- Perform data analysis including data summarization and complex statistical analyses of large datasets.
You must be a U.S. citizen to apply for this job. A GS-09 needs to have at least 1 year of experience at the next lowest level. For example, a GS-09 can earn from $48,403.00 to $62,920.00 per year or more depending on the locality salary rate  for the area where they work.
Kevin Lafferty is a GS-0408 Ecologist at the Western Ecological Research Center.
Lafferty reveals the best part of the job is “making a discovery that changes the way people think about the natural world.” He suggests that “you need to have very strong quantitative skills. If you are analytical, understand graphs, and have a skeptical attitude, you can develop the scientific skills to excel in Ecology. You also need strong skill areas such as physics, chemistry, mathematics, GIS, computer programming, and good writing skills.”
Chemist (GS-1320) Career Path
This series includes all positions involving work that requires full professional education and training in the field of chemistry. This work includes the investigation, analysis, and interpretation of the composition, molecular structure, and properties of substances, the transformations which they undergo, and the amounts of matter and energy included in these transformations.
There are 5,493 chemists employed in the federal government with 61 working overseas.  Review the chemist job series definition  for additional occupational information and to discover the largest employers of this group with links to nationwide and overseas chemist job listings.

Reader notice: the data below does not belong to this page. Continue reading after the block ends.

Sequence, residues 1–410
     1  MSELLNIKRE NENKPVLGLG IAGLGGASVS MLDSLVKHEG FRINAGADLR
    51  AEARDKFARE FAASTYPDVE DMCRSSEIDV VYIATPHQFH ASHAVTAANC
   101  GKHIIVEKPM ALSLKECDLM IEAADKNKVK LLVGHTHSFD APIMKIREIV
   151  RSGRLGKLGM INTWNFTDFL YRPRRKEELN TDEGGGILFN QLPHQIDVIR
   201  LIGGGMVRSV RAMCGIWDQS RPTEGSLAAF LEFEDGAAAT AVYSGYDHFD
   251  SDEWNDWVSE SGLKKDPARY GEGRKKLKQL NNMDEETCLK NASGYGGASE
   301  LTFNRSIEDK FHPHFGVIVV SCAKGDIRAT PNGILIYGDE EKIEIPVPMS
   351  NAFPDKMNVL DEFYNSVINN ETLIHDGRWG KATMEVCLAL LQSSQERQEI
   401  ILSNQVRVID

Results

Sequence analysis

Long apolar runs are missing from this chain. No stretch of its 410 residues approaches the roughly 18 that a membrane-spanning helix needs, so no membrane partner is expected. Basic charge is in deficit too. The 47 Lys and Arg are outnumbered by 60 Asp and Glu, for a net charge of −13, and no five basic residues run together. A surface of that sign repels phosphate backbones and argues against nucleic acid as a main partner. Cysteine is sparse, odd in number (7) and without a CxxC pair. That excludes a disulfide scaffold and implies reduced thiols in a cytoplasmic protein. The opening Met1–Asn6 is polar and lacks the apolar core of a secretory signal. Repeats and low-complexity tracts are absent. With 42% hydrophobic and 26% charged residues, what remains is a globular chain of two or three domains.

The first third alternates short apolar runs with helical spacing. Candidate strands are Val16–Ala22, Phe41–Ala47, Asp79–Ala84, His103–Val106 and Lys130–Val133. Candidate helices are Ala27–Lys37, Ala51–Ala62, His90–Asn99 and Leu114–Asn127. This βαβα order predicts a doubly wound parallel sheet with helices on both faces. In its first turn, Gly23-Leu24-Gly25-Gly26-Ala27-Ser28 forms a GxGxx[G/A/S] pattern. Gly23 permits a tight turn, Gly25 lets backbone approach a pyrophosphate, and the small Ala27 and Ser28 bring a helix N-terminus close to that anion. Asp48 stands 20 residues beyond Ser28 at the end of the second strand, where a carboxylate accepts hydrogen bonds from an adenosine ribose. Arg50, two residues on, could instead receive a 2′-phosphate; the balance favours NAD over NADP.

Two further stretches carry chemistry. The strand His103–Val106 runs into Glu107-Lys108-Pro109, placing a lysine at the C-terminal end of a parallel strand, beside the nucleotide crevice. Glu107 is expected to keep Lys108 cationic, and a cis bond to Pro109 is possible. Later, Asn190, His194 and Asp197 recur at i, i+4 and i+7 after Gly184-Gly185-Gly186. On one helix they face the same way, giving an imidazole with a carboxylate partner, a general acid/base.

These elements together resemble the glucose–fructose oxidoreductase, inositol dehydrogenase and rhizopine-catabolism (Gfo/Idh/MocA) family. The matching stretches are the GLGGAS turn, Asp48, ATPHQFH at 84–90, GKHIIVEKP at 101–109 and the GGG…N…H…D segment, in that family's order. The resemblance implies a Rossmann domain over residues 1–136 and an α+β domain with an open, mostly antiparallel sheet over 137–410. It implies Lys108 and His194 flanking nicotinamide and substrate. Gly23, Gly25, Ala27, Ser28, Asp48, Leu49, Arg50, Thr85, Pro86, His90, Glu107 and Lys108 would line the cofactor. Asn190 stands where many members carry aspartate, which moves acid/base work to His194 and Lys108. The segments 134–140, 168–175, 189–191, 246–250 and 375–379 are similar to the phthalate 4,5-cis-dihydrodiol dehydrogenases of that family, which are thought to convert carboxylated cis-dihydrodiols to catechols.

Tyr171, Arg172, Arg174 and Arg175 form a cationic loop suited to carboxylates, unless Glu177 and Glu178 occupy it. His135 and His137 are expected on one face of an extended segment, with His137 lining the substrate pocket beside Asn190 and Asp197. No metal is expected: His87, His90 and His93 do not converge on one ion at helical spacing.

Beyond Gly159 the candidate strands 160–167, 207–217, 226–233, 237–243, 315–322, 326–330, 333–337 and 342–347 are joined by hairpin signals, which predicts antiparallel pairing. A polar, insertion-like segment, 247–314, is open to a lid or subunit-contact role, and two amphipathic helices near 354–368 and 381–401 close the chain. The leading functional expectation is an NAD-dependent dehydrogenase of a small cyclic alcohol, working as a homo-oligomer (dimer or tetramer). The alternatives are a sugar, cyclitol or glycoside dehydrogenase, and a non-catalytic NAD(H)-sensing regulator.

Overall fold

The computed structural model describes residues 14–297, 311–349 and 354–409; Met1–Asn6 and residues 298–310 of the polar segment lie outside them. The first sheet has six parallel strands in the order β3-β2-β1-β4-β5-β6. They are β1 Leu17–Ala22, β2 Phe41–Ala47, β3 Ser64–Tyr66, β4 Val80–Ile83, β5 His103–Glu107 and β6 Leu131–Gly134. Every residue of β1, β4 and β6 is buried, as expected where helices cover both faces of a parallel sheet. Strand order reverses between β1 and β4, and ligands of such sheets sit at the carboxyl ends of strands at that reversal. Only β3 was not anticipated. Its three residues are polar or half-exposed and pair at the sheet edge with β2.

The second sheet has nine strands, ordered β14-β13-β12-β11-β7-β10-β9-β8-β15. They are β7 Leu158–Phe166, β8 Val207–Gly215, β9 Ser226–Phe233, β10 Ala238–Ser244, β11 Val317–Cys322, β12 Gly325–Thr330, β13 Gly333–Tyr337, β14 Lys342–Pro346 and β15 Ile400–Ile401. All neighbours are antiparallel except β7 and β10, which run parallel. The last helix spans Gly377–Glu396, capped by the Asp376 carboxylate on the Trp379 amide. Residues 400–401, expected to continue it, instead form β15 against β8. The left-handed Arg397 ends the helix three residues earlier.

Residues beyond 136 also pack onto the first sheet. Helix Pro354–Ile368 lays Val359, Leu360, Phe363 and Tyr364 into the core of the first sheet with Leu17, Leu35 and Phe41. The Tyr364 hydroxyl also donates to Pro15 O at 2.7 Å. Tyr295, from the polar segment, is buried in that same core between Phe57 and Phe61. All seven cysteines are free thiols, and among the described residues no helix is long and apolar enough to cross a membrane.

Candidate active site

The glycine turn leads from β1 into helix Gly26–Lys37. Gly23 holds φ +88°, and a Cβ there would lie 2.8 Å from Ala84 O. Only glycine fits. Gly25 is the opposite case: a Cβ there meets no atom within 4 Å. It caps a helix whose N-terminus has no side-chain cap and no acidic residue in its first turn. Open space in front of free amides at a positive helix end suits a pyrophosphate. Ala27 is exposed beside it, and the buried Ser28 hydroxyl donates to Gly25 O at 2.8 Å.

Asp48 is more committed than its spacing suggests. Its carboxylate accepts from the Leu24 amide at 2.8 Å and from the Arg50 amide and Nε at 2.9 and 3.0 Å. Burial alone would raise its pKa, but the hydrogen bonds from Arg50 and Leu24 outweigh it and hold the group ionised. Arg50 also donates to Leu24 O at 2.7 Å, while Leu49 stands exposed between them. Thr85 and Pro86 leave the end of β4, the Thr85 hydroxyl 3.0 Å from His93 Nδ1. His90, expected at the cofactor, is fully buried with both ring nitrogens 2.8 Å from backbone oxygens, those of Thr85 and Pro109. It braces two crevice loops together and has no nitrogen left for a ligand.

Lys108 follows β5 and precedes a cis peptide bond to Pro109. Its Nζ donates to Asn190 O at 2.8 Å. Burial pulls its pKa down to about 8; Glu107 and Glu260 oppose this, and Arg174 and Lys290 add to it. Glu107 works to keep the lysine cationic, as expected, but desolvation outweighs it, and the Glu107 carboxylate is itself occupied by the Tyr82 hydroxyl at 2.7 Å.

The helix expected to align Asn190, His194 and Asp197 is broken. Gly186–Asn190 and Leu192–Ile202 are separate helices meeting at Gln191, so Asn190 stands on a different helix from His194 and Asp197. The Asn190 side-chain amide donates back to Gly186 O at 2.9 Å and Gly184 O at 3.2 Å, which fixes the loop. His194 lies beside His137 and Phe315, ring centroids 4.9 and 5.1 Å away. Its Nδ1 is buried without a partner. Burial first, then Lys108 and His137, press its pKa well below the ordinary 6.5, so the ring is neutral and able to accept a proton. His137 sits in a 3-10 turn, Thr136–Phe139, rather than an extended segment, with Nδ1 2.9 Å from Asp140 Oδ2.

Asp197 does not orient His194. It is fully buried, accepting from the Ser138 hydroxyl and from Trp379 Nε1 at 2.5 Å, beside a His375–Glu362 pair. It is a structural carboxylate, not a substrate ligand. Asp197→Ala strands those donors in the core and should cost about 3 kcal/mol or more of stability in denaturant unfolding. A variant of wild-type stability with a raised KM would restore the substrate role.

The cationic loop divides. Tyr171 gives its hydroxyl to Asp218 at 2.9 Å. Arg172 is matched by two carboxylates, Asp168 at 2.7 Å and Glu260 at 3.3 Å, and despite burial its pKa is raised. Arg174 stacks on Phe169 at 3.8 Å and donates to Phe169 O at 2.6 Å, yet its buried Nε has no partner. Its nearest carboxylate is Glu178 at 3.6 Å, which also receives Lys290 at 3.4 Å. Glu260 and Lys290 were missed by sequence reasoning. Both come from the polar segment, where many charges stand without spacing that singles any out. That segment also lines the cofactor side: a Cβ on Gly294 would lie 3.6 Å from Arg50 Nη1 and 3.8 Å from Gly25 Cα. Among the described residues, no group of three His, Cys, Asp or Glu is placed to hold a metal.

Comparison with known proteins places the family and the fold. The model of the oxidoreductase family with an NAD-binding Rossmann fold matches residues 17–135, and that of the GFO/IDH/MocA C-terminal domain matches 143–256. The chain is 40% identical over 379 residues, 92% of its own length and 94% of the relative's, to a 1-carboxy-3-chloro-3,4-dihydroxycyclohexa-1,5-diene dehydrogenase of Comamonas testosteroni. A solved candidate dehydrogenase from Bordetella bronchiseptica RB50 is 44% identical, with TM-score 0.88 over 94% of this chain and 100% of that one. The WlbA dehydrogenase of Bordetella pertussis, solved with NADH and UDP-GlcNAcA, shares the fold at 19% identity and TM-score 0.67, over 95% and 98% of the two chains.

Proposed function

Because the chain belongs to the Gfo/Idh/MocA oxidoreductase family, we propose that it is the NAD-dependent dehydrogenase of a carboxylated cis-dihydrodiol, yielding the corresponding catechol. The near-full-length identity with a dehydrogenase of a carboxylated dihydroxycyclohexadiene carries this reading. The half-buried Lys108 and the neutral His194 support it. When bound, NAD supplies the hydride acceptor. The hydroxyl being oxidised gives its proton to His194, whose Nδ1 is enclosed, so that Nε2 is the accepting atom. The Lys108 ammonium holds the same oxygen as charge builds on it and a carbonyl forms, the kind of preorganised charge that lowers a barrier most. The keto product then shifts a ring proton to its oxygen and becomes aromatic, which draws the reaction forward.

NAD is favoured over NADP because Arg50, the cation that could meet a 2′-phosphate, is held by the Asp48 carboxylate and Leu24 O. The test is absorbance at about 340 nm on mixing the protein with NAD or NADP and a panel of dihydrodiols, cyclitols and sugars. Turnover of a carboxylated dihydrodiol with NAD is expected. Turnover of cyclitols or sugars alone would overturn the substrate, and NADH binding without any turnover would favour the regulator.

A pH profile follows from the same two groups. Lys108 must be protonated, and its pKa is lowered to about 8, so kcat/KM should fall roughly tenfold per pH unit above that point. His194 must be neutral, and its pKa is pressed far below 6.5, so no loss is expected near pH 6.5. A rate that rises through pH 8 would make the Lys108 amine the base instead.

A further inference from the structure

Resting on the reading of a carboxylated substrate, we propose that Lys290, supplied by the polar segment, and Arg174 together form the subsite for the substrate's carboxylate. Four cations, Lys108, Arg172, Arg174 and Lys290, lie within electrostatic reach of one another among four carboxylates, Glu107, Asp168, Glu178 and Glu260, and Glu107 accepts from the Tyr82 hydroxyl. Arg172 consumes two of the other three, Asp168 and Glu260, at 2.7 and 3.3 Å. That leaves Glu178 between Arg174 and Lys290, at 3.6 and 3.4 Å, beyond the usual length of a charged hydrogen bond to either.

Dr. Keith A. Loftin is a GS-1320-13, Research Chemist, located at the USGS KS Water Science Center, Lawrence, KS.
Loftin works on interdisciplinary research teams, and conducts research independently to provide solutions and expanded understanding on understudied environmental issues of public and ecological health concern.
Loftin is a research chemist, this gives him the opportunity to identify and work on solutions to environmental problems with human and ecological health relevance. He relates, “chemistry is used to understand, make, or enhance the quality of agriculture, clothing, building materials, clean drinking water, manufacturing of a full range of luxury items, as well as medications.”
Loftin explains, “chemistry allows a person to breakdown complex systems and processes at a fundamental level that can be used to solve problems.”
Experience and Education
For all grades in this series, you will need at least 1 year of experience at the next lowest grade. The salary range for a GS-12 is$75,333 (Step 01) to $97,938 (Step 10). You have to be U.S. citizen to apply for this career path. Review the qualification standards  to determine the requirements for each grade level. Also review the job announcement  for the specific education and experience required for each grade level.
Geographers (GS-0150) and Cartographers (GS-1370) will be featured in Part 3.
- Diane Noserale, USGS Public Affairs Officer, Reston, VA
- Photos are from the USGS  website and career brochures
- USGS Web Site: http://www.usgs.gov 
Helpful Career Planning Tools
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- Take Charge of Your Federal Career ; An Action Oriented Career Management Workbook for Federal Employees